Lancaster’s Military Heritage. The history of Lancaster is integral with the military history of the area. The arrival of the Romans in 70 AD led to the establishing of a Roman fort which remained on Castle Hill for the next three centuries. Only recently, in October 2005, excavations revealed a memorial to a Roman Trooper, and we include this in our survey (see Chapter 2). Whilst soldiers lived in the fort, a village grew up outside the walls, and this expanded to what we today call Lancaster.

The conflicts of the 20th century have had a major impact on Lancaster. In the South African War of 1899-1902 the locally based King’s Own Royal Lancaster Regiment was one of the first to depart England for South Africa - and as the war continued Volunteer and Militia soldiers from the local area went out to join the regular army .

Both the First and Second World Wars saw the involvement of the local regiment, The King’s Own, but many other units also recruited in the area.The local gunners of the 88th Field Regiment Royal Artillery (350 Battery was based at Dallas Road) served in France and Belgium, before being evacuated through Dunkirk, only to be sent to the Far East where many men were captured at the fall of Singapore to the Japanese. The Second World War saw an influx of soldiers, taking over Ripley School in Lancaster and Middleton Towers Holiday Camp and the RAF took over many of the hotels in Morecambe (The Midland being a Hospital).

Local industry turned to support the war effort. Furniture makers Waring and Gillow made everything from tents and canvas bags and equipment to the wooden wings for gliders. Many women were employed in support of the war effort, including clerks who worked for the Canadian Treasury who had offices in Lancaster; the City Museum was closed for the duration of the conflict and handed over for office use.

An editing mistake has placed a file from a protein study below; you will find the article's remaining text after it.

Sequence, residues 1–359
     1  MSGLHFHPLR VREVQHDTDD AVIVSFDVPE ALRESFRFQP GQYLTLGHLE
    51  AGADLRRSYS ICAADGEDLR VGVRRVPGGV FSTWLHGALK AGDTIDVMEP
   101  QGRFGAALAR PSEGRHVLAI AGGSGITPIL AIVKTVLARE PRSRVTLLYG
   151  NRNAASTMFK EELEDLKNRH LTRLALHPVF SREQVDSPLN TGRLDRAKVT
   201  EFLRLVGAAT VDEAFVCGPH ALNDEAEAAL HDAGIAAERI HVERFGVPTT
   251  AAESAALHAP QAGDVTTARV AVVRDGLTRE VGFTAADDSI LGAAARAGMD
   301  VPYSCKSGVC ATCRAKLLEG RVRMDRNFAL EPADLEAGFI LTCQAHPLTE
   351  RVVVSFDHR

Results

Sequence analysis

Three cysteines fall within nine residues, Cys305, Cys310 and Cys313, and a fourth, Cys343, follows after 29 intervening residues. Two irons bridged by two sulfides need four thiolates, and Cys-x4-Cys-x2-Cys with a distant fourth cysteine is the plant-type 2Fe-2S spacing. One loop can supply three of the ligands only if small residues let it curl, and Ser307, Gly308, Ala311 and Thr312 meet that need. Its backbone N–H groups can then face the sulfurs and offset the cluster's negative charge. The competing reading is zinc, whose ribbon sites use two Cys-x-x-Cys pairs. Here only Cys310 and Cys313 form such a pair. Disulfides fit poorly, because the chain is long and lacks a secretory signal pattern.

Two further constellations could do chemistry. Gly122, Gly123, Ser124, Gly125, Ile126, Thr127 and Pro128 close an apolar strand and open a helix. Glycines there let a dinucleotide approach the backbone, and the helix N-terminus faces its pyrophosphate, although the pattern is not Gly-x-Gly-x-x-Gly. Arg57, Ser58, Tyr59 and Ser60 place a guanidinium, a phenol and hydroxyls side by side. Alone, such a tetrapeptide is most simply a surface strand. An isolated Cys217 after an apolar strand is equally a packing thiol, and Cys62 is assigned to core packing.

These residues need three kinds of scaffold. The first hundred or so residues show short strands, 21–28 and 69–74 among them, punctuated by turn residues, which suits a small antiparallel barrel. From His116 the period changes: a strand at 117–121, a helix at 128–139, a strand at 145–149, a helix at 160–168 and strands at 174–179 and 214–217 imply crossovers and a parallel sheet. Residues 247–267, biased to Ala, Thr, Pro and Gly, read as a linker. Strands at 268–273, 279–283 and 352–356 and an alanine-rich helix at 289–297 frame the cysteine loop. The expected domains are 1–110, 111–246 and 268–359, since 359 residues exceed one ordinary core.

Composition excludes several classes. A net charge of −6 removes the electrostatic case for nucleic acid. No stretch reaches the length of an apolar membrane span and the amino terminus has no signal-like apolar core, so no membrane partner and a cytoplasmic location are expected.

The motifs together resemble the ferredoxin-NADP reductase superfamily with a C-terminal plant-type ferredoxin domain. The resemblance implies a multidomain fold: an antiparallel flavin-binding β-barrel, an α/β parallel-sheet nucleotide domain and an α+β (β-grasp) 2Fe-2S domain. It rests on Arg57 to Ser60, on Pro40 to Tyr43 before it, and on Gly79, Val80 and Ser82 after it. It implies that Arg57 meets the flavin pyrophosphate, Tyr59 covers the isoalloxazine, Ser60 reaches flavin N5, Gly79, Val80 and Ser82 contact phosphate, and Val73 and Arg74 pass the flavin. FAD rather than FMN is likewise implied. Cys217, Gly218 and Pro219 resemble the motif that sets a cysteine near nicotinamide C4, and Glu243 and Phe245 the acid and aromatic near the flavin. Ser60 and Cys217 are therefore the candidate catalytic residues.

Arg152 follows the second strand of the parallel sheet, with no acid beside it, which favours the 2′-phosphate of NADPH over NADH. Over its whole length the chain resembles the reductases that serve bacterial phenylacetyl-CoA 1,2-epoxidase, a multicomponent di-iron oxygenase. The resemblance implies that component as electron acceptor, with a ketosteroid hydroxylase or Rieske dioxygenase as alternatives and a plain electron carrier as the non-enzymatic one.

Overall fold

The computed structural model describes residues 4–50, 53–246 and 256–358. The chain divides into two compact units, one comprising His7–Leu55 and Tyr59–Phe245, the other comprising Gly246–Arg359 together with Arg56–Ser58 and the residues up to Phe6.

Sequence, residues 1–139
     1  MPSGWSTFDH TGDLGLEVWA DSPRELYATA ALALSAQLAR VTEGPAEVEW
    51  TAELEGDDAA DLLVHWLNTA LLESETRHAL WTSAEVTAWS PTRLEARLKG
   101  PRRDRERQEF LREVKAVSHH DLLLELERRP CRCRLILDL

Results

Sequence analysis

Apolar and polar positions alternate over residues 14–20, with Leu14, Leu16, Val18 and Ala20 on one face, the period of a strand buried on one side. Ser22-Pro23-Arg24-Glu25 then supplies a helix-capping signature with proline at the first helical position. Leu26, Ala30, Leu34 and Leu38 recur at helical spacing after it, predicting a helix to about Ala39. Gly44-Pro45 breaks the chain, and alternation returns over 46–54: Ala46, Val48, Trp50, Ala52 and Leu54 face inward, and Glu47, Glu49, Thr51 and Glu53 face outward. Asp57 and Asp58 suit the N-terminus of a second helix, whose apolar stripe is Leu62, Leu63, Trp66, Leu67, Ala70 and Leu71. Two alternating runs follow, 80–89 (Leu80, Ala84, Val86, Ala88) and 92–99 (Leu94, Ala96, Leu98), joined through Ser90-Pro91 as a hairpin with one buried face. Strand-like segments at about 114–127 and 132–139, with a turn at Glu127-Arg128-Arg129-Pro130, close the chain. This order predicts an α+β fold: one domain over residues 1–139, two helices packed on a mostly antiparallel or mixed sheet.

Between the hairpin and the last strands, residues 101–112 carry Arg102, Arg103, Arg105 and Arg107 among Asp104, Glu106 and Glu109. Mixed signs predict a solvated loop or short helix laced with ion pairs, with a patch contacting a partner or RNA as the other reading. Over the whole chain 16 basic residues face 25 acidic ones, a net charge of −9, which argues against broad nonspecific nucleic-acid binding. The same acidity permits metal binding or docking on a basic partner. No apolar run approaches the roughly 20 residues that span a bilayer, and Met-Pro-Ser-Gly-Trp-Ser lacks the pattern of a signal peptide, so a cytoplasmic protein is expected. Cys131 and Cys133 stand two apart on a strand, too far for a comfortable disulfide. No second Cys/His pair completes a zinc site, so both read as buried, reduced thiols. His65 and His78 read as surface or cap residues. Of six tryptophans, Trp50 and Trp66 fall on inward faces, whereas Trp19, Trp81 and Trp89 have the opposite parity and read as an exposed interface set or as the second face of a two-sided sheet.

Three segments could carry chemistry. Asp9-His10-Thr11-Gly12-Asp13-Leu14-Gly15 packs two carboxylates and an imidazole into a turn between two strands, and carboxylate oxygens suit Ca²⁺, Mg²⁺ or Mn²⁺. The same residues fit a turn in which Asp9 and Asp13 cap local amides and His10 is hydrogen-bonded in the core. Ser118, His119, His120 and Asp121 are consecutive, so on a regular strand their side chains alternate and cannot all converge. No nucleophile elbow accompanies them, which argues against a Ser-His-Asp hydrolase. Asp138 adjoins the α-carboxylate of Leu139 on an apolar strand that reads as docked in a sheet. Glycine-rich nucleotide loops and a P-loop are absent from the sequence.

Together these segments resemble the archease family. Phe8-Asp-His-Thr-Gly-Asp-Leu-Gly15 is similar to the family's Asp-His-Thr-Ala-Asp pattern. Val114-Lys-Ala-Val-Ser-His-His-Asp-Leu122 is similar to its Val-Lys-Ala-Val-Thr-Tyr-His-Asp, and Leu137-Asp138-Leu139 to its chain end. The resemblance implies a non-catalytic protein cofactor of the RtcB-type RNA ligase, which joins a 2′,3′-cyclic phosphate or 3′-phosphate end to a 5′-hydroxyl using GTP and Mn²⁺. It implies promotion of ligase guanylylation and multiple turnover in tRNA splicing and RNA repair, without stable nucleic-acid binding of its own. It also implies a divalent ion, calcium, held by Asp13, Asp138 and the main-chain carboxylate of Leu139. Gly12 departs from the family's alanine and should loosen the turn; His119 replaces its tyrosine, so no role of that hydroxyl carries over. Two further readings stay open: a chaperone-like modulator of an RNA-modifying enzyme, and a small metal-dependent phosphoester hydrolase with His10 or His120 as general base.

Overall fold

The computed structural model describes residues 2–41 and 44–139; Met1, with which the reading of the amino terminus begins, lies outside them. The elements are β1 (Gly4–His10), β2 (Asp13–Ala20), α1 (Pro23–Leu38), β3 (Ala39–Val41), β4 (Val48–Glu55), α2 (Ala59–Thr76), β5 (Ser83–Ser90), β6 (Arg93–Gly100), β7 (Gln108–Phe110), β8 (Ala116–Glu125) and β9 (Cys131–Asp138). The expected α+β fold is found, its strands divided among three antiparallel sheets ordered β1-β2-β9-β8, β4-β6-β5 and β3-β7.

Wars are not only won by soldiers, sailors and airmen alone – but also by those who remain at home supporting them.

Lancaster Military Heritage Group was founded in 1999 by a small group concerned that these historic links between the area of Lancaster and Morecambe and the Armed Forces were becoming severely reduced and resolved to maintain them. The Founders were conscious from the outset of the debt the armed services owe to the local communities who provide their sons,daughters and support in times of conflict and the need to concentrate on links with the community. So the main purpose of the Group is to:

"To maintain and develop the historical links between the armed forces, their supporting civilian services, and the local community"


The Group LOGO, shown above, consists of the John O’Gaunt Lancaster landmark with the crossed swords of the Ministry of Defence Logo representing the service connection.

An essential element in the Group’s philosophy is to tell the story of the various conflicts that the long-suffering civilian population have had to endure. 

Every few years we see further reductions in all three services. Perhaps this makes the Group all the more necessary; certainly we shall continue to try to maintain the close liaison which has existed between the Lancaster and Morecambe area and the Armed Forces. An essential part of this is to tell the story of the various conflicts that the long-suffering civilian population have had to endure. The War Memorial Project and VE 2005 are examples.

We lay on a variety of events open to all; two or three talks each year, a Cadet Competition and a Carol Service. Dinner dances are organised for special events; in 2005 we celebrated the 200th Anniversary of Trafalgar. Our most important project has been to compile the Books of Honour which were presented at the VE 2005 commemoration.

We are very keen to attract members of the wider community, who may no longer have any direct links with the services, as memories of National Service and previous conflicts fade. Employers, organisations, youth groups and anyone interested in the heritage of our locality are particularly welcome. Should you wish to join click on Contact.


Group Logo